Victims' Rights Caucus

Speeches

 Mr. Speaker, I would like to also thank the Committee on Oversight and Government Reform, Chairman Waxman and Ranking Member Davis, for their support of this legislation, and, of course, the gentleman from Illinois as well.

   Mr. Speaker, House Resolution 291 supports the goals and ideals of Peace Officers Memorial Day, our Nation's first line of defenders. I would also like to thank the 78 Members of Congress who cosponsored this bipartisan resolution for their support.

   Law enforcement officers are a special type of people. They put on the uniform and the badge of a law officer. They swear an oath to uphold the law of our land and vow to protect the citizens of all communities.

   In carrying out their duties, law enforcement officers are routinely subjected to threats against their personal safety. According to the National Law Enforcement Memorial Fund, more than 56,000 law enforcement officers are assaulted every year in the line of duty. They are subjected to being slapped, punched, kicked, bit, stabbed, and even shot by suspects. And this does not include what could happen in the course of high-speed chases that occur throughout our country.

   Most of these peace officers that are assaulted walk away from that fight with minor injuries and the suspect generally is carted off to jail in handcuffs. There are those community protectors, however, that aren't as fortunate, because they give their lives in the line of duty.

   Since the first recorded police department death in 1792, over 17,900 peace officers have been killed while performing the duty of a law officer somewhere in this great country. Statistics show that every 53 hours a law enforcement officer is killed in the line of duty. Last year, 2006, 143 officers were killed in the line of duty.

   We all remember September 11 and what occurred on that day, how many of us watched on television when those planes hit the World Trade Center, when they hit the Pentagon; how thousands of people, good people, as soon as that terror hit those buildings, those people were running as fast as they could to get away from that danger.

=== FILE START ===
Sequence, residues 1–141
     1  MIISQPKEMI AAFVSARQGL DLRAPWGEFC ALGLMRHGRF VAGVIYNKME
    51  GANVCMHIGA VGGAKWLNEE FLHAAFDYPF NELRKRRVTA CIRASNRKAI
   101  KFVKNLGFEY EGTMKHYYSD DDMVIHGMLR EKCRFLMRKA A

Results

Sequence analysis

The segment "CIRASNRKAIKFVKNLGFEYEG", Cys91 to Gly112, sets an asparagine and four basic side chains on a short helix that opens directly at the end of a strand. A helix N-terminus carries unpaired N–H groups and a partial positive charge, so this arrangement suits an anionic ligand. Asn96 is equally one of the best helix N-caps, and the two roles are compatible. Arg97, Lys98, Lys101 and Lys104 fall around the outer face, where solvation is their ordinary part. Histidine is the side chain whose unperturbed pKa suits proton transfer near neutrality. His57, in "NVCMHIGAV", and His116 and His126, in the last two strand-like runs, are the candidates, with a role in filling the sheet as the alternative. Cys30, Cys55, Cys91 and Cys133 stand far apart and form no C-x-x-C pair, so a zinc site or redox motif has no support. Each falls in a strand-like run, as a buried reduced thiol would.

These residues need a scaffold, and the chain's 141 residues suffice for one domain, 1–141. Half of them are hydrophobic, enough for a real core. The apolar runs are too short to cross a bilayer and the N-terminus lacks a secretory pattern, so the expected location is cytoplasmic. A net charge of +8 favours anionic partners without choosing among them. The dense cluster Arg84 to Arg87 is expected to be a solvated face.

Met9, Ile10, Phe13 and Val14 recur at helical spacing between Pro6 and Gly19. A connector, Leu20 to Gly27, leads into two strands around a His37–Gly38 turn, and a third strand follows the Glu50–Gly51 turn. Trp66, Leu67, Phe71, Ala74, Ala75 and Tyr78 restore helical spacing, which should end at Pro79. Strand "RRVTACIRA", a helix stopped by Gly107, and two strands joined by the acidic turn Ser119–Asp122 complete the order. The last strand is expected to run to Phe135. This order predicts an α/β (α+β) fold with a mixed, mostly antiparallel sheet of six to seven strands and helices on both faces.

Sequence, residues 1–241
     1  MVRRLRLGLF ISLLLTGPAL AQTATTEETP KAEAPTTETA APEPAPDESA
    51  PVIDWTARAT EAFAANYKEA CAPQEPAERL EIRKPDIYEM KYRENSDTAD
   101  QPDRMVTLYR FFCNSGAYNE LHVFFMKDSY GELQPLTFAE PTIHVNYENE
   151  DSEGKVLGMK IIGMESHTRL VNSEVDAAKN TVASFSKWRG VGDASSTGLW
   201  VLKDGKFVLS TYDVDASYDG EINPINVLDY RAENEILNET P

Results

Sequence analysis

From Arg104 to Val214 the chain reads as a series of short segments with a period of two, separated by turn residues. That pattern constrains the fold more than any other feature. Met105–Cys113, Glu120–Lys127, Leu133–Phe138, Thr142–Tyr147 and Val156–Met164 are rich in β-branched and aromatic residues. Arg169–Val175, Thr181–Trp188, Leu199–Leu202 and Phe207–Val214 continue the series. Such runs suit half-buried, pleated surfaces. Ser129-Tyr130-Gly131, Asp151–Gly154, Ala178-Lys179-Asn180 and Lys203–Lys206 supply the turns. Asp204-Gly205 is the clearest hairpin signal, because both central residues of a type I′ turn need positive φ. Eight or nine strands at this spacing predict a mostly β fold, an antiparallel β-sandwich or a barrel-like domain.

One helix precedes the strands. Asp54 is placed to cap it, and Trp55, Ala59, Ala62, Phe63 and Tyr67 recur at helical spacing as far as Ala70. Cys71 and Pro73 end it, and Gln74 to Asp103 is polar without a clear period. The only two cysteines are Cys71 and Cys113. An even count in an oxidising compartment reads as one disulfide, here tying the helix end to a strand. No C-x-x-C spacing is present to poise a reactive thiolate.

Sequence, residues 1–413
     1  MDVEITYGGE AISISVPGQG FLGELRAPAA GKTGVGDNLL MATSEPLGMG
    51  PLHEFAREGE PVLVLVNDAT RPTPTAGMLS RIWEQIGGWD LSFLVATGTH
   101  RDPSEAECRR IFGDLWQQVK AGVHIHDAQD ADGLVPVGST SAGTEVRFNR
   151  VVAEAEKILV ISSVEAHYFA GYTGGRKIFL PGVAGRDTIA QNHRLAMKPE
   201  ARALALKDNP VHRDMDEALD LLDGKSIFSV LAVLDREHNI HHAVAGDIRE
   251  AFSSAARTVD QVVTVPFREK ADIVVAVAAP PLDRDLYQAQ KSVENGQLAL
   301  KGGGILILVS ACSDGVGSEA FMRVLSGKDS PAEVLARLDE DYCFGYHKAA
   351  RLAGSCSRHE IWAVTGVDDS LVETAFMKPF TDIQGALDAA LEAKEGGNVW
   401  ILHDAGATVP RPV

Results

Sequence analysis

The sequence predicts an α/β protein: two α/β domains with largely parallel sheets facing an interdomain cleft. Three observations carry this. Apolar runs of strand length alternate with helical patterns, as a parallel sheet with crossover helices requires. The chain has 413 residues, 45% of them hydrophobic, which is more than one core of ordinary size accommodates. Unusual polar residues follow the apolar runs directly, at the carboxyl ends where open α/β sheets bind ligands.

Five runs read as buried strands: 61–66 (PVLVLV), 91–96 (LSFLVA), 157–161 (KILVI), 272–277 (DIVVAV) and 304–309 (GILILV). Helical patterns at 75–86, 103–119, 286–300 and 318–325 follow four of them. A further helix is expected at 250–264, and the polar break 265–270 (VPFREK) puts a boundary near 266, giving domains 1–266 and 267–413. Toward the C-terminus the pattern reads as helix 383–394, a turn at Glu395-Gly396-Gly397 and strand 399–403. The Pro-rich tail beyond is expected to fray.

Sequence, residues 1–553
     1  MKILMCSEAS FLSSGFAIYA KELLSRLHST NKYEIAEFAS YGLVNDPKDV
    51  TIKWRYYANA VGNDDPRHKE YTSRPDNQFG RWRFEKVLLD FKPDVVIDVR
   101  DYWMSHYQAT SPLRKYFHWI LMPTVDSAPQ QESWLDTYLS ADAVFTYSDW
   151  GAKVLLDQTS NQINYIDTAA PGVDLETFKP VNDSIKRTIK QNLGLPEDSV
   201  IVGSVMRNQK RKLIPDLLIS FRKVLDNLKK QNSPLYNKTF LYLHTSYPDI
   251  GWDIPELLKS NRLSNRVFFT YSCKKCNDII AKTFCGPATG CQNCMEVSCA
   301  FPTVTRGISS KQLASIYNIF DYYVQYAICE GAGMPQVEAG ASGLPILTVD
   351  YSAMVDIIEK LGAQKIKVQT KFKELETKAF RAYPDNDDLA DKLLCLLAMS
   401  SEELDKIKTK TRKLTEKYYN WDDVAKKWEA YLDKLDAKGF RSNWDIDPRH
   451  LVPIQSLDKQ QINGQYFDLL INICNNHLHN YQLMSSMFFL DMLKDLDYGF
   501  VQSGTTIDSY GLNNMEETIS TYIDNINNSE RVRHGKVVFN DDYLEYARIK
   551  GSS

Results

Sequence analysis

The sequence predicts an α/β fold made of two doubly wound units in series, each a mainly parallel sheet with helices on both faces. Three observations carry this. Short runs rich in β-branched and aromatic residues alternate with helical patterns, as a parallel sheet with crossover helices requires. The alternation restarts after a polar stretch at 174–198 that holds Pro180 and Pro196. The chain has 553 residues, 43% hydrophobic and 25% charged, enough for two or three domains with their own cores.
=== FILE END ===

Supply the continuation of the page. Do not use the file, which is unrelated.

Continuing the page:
But there was another group of people, not very many, but they were there running as fast as they could to get to the danger, and those were the people who wear the badge. That also included our firefighters and our emergency medical technicians. Seventy-two of those peace officers that ran to those buildings that were being assaulted from the air were killed in the line of duty that one day.

   Of course, it strikes all communities, even our community down in Beaumont, Texas, and the Beaumont Police Department and its recent tragedy of a peace officer killed in the line of duty. Last week, this community suffered the loss of one of their own, Officer Lisa Beaulieu, the first female peace officer in southeast Texas that has been killed in the line of duty.

   She was a 6-year veteran of the Beaumont Police Department. She was on patrol by herself at 1 a.m. when she responded to the scene of a motorcycle accident in Beaumont. As she got out of her vehicle and started directing traffic, a drunk driver slammed into her, throwing her over the side of the freeway and killing her. It was a tragic end for a peace officer that loved to protect the people of our Nation.

   Mr. Speaker, during the time that I was a judge in Texas for over 22 years, I encountered many, many peace officers who wore the badge, and proudly did so; and I considered those peace officers who would do that, that cross over the line to represent the rest of us and protect us, a rare and noble breed.

   So on Tuesday, May 15, thousands of local, State and Federal peace officers will gather across the Nation to remember their fellow officers. Known as Nati